What has the British High Court ruled?
A challenge brought by a collection of individuals to the government’s intention to trigger Article 50, setting off Brexit negotiations, has been successful. This means the process cannot begin without it being put to a vote in parliament first.
The question the court considered was whether the government is entitled to use its prerogative powers to make the decision by itself.
The claimants argued that doing so would lead to changes in both domestic law (as passed by parliament) and the rights of citizens without the express authority of parliament. The government argued that the referendum gave it the prerogative power to decide whether EU law should continue to apply in the UK.
The court was not swayed by the government’s argument. It found no evidence to support it in legislation (the European Communities Act 1972) or the fundamental principles of the constitution. In other words, the government cannot decide when to start the process of leaving the EU using its own powers and must put the matter before parliament.
Will this stop Brexit?
In a legal sense, no. The court was clear that this is not a judgement about whether to leave the EU or not, and it was not a case attempting to overturn the result of the referendum. It simply found that the process of formally leaving the EU by triggering Article 50 cannot be started by the government alone.
Will it delay Brexit?
Possibly. The government has said that it will appeal the decision, which means it is likely to be heard in the UK Supreme Court. That casts some doubt on the prime minister’s intention to trigger Article 50 by the end of March 2017. If the Supreme Court upholds the decision of the High Court, then the matter will go before parliament.
What will MPs be voting on?
The judgement makes clear that legislative approval to start Article 50 negotiations is needed. This means that a bill will need to be passed by the House of Commons and the House of Lords. But there will not be a Brexit “deal” to vote on, as the process of negotiating an exit deal between the UK and the EU has not yet begun – and cannot begin until Article 50 is triggered. Parliamentary debates are public.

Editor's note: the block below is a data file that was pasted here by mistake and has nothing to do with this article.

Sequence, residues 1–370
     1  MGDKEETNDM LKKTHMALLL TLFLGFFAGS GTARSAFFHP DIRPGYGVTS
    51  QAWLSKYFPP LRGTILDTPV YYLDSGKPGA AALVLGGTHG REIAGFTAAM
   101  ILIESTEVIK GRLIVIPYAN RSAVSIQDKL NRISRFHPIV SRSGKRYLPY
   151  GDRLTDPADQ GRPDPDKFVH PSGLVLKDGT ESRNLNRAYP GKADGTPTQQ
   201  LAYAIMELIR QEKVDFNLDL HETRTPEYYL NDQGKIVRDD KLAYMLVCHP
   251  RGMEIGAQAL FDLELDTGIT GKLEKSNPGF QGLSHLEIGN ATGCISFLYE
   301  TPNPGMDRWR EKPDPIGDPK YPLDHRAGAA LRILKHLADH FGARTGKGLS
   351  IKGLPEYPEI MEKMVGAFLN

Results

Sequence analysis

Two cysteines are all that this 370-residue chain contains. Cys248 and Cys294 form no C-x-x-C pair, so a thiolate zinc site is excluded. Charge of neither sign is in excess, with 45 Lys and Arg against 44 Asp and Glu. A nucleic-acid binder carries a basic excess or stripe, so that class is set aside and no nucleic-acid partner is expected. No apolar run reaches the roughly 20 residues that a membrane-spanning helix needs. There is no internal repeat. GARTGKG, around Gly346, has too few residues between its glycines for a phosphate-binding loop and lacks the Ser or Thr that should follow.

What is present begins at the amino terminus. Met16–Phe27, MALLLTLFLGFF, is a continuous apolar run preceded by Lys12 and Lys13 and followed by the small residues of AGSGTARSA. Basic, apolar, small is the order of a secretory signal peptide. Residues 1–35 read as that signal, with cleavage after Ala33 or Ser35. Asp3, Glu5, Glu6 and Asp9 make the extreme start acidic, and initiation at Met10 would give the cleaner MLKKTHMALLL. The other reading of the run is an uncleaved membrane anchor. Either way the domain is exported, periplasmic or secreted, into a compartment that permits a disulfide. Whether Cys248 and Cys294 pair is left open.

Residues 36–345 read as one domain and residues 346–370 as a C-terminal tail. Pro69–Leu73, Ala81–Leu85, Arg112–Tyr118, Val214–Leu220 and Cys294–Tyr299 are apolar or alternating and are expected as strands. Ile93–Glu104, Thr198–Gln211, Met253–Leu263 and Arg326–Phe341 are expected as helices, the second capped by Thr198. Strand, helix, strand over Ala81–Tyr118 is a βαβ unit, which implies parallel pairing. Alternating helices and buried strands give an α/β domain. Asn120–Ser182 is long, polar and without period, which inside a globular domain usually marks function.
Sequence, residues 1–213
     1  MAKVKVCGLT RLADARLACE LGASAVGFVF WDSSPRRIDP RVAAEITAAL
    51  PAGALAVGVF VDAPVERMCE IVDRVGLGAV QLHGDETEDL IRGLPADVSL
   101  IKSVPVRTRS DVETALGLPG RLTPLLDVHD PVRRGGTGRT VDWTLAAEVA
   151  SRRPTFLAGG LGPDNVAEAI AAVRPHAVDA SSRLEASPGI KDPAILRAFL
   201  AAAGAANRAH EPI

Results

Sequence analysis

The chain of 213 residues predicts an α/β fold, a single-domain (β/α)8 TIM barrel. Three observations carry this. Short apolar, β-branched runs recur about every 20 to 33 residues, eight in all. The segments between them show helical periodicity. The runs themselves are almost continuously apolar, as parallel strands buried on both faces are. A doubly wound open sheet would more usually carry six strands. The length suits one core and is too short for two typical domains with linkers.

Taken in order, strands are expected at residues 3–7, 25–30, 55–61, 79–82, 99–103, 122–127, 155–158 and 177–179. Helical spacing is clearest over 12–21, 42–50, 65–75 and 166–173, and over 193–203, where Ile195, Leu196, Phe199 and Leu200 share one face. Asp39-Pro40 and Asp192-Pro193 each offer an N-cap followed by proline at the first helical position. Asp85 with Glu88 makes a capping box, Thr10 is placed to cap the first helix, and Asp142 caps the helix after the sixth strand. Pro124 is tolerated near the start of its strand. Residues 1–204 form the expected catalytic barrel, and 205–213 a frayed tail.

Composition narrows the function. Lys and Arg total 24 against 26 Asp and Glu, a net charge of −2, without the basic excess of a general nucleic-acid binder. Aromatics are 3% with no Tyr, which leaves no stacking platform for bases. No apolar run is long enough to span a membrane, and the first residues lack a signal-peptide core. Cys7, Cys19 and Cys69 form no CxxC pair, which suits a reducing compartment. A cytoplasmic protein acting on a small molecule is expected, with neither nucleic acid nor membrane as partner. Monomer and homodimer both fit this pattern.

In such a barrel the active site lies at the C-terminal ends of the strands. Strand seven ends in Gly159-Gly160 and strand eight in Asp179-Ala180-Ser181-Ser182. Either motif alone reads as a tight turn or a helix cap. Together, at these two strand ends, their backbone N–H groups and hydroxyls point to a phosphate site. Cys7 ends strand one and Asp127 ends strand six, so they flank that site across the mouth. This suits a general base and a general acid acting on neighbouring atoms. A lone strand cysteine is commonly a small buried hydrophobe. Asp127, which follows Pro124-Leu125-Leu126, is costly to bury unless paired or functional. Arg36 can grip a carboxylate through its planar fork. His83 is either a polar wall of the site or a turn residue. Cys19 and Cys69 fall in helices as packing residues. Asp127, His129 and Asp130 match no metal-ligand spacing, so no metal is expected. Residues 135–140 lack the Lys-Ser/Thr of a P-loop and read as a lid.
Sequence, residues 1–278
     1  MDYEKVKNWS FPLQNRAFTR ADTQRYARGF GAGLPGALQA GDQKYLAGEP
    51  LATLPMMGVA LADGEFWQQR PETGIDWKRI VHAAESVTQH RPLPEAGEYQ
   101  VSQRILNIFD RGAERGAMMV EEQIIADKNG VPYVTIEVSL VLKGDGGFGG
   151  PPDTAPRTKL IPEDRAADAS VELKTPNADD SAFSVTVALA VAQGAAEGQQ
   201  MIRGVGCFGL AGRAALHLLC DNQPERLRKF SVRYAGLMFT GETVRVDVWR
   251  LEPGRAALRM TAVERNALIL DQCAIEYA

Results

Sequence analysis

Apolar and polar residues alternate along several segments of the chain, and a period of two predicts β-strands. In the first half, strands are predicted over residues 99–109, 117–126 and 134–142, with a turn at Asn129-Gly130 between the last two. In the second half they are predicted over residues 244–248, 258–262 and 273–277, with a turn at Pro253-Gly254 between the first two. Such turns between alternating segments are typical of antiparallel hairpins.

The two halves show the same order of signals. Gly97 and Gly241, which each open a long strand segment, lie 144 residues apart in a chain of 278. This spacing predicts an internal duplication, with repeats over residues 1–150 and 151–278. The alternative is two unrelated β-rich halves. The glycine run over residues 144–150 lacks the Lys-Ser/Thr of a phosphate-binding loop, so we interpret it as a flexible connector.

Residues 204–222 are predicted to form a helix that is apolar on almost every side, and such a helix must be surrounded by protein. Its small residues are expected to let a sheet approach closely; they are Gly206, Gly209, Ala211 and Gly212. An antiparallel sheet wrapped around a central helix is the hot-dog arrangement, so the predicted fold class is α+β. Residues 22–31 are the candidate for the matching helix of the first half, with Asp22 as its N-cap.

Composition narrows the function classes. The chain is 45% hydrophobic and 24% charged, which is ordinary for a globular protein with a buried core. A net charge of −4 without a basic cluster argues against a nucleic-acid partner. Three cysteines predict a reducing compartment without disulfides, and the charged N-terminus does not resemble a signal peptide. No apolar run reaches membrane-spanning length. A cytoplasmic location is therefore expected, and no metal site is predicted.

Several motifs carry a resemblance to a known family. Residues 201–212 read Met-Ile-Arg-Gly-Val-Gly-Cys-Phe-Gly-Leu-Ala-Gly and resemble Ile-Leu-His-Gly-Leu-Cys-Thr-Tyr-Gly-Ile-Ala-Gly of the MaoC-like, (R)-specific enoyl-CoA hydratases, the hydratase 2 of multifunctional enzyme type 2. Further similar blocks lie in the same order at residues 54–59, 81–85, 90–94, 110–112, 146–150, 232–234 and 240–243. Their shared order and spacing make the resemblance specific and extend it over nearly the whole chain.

Are they likely to vote for or against triggering Article 50?
The majority of MPs favoured remaining in the EU according to their stated positions before the referendum. However, many may decide that the result of the referendum to leave the EU means that they should allow the government to begin that process without delay.
Many MPs are likely to be sensitive to how their individual constituencies voted, as well as the policy of their parties and what has changed in the country since the vote on June 23. In the Lords, who do not represent constituencies and do not have to worry about re-election, the outcome may be more difficult to predict.
Are there any precedents for this situation?
There is no precedent for this situation in UK constitutional law. However, the court drew on case law dating back to 1610 to set out what it found were underlying principles of the constitution. Joining the EU in 1973 resulted in one of the most significant events in UK legal history, and it looks like leaving the EU is set to cause even more of a legal and constitutional upheaval.
What will the British public make of it?
Brexit supporters are likely to be disappointed by what seems likely to cause a delay in the process of leaving the EU. However, much was made in the referendum by Leave campaigners of parliament taking back control of law-making in the UK by no longer allowing EU law to take effect. This judgement makes it clear that the government must operate within the limits of its constitutional powers and clearly underlined the importance of the role of parliament in law-making and where individual rights are concerned.
Author Bio: Paul James Cardwell is Reader in EU External Relations Law at the University of Sheffield